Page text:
Country Reports

Chad Country Report



Travelers to the large central African nation of Chad (population 14 million) should be aware that the country faces a number of significant threats (terrorism, sociopolitical tensions, etc.).


Some Western governments advise their nationals against travel to the Lake Chad region, including areas along the shore, as well as to areas located along Chad's borders (e.g. with the Central African Republic, Libya, Niger, Sudan, Cameroon, and Nigeria).

The British government also advises its nationals against travel to the TibestiBorkou, and Ennedi regions, located in the north of the country, as well as the Kanem region west of the towns of Mao and Bol. The northern regions are difficult to secure due to the presence of smugglers and regular incursions by jihadists. Clashes between locals and incoming groups from other parts of the country over the control of gold mines have taken place in the Tibesti region.

Nonessential travel to the rest of the country is also generally advised against. If travel to the capital N'Djamena is necessary, minimize time crowded places, such as markets, or places of worship due to the terrorist threat.


Chad faces a high threat of terrorism. Islamist militants from the Boko Haram terrorist group are active and have committed numerous attacks in the country since 2015, notably in N'Djamena and around Lake Chad. The Lake Chad area is the convergence point of the four countries most afflicted by the West African Islamist insurgency: Chad, Cameroon, Niger, and Nigeria. In November 2016, a Chadian attacker, who was suspected of having pledged allegiance to the Boko Haram-affiliated Islamic State (IS), opened fire on guards stationed at the entrance of the American Embassy, although no one was injured.

The threat is exacerbated as Chad has a strategic partnership with France, which has built a military base for Operation Barkhane in N'Djamena as well as two temporary bases in Abeche and Faya to target terrorist groups throughout the Sahel region. In addition, the Chadian army is part of an N'Djamena-based Combined Joint Task Force (CJTF) comprised of Nigerian, Nigerien, Chadian, Cameroonian, and Beninese troops, founded in September 2015 to combat Boko Haram.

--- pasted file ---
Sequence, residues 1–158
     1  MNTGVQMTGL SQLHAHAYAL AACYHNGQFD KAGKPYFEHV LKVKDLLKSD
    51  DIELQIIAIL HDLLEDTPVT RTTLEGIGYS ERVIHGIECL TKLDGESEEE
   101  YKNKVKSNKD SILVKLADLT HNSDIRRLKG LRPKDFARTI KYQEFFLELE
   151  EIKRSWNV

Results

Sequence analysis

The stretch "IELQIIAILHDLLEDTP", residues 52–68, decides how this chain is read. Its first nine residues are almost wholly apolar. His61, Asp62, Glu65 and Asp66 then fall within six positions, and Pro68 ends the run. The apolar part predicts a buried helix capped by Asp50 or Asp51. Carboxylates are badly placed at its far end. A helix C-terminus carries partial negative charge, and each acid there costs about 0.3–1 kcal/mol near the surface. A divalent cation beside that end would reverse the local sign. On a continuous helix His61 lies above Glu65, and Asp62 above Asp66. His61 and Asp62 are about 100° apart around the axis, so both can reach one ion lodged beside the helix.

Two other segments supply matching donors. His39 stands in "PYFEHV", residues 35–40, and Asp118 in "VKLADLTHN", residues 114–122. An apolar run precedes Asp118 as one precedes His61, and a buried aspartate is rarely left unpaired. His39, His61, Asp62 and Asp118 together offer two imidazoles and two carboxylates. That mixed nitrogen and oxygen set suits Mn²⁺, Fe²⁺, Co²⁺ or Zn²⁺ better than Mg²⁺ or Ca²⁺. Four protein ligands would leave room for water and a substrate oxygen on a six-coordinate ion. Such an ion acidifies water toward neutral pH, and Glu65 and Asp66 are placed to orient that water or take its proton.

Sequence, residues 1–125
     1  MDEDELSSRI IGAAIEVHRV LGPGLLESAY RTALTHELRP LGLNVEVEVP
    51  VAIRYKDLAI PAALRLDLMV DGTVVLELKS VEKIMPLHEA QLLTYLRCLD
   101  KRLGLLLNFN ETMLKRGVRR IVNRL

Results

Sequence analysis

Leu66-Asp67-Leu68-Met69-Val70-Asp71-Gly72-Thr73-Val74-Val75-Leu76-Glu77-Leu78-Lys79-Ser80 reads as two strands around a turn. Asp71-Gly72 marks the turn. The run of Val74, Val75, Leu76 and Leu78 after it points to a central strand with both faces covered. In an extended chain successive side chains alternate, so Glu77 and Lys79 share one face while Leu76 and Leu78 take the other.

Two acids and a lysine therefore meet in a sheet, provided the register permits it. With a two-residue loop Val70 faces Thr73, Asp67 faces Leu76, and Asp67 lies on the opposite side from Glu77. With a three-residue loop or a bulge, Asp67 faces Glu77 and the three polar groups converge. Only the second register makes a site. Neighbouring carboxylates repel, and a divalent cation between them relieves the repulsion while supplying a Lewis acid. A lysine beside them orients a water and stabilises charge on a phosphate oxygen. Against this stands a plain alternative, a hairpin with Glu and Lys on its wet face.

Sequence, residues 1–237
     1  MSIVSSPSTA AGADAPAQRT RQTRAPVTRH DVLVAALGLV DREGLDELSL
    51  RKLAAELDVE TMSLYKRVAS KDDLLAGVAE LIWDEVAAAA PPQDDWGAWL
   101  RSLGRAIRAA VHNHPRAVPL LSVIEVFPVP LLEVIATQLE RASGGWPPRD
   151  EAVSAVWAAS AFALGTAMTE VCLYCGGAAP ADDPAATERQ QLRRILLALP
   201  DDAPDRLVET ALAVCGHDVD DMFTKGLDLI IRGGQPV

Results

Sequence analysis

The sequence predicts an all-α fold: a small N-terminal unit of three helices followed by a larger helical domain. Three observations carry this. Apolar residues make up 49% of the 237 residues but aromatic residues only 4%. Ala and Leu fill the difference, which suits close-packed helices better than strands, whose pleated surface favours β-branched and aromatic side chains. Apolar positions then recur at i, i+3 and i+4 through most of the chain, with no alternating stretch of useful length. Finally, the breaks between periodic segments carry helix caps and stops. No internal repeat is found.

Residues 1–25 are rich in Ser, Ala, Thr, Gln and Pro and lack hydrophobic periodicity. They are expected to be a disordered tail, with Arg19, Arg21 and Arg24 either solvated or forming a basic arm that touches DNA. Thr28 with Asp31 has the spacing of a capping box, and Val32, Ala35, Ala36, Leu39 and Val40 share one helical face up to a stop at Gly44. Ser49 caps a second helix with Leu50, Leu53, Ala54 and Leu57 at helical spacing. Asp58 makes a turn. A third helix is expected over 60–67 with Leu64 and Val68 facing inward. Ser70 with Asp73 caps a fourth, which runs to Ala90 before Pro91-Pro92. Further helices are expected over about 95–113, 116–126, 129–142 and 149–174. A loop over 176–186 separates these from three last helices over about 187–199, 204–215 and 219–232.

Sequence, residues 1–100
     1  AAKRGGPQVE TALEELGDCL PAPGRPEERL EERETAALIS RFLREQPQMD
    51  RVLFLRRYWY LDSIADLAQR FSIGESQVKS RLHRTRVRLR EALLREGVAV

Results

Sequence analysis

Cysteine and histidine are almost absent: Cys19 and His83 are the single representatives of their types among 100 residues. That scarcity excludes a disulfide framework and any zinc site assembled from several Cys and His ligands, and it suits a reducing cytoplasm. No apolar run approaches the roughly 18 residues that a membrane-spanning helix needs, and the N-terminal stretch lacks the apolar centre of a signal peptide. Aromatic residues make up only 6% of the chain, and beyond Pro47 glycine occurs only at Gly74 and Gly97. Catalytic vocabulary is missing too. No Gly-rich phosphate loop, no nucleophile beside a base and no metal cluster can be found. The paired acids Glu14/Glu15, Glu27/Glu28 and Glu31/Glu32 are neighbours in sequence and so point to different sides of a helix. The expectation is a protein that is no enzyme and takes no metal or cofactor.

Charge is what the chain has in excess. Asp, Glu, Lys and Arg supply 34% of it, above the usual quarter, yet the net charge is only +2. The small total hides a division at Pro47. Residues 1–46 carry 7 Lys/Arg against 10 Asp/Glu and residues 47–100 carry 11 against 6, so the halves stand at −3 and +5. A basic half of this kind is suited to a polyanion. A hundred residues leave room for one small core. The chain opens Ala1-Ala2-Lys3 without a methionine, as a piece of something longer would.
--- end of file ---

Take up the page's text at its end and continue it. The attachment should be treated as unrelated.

Security checkpoints have been implemented in the capital, requiring everyone  to carry identification documents, vehicle registration papers, and a residency permit or visa when moving around the city. Remain calm and cooperative when dealing with security forces.

The risk of kidnapping as a tactical terrorist strategy remains high across the country, particularly for French and other Western nationals.


The domestic political situation should be monitored. Relations between the political opposition, especially Saleh Kebzabo, and President Idriss Déby remain tense. President Déby's reelection for a 5th term on April 2016 has been controversial. As a result, numerous protests have taken place despite a ban, leading to violent crackdowns by security forces and arrests of opposition members. All protests should be avoided as a precaution.

In October 2016, the opposition unsuccessfully submitted a motion of no confidence against the government to denounce its failure in dealing with a severe economic and financial crisis affecting the country.

Déby announced in February 2017 that parliamentary elections would be postponed until further notice, claiming the country does not have the funds to hold the elections due to falling oil prices. The elections had initially been scheduled for 2015.


Chad's economy has been severely impacted by the country's fight against Boko Haram and a sharp fall in global oil prices, oil revenues historically making up around 70 percent of Chad's export income. Austerity measures introduced by the government, including lowered public servant salaries, less money available for student scholarships, and even the non-payment of civil servant salaries, along with a lack of job opportunities has led to an increase in civil unrest across the country. Highly disruptive strikes and demonstrations are regularly held, notably by professors, public hospital workers, and civil servants.


This increased socioeconomic turmoil has led to a decline in living conditions for many Chadians. Nearly 55 percent of the population lives below the poverty line. Life expectancy is 49 years and the child mortality rate is among the highest in the world.

Moreover, 3.8 million Chadians are facing a significant humanitarian crisis that includes chronic food insecurity, undernourishment, natural disasters, epidemics, and massive population displacements.

Food insecurity affects one-fifth of the population. At the beginning of 2017, around 440,000 children were suffering from acute malnutrition. Most of the affected population is found in the Sahel region and in areas where refugees, IDPs, and returning refugees are present.

Furthermore, Chad hosts more than 400,000 refugees who fled violence in Nigeria (from Boko Haram), the Central African Republic, Sudan (Darfur), and Libya. The protracted nature of these population movements heavily affects the ecological and economic resources of the country, further aggravating the deteriorated living conditions of the local population.

Security threats prevailing in the Lake Chad region hamper humanitarian efforts for the affected population.


Chad has been struggling with rising crime rates as the economy deteriorates, with foreign nationals often particularly targeted. Cases of assassinations, kidnappings-for-ransom, armed robberies, and assault are increasingly reported, especially in N'Djamena. On March 23, 2017, a French national was kidnapped in the southeastern Sila region before being freed on May 7.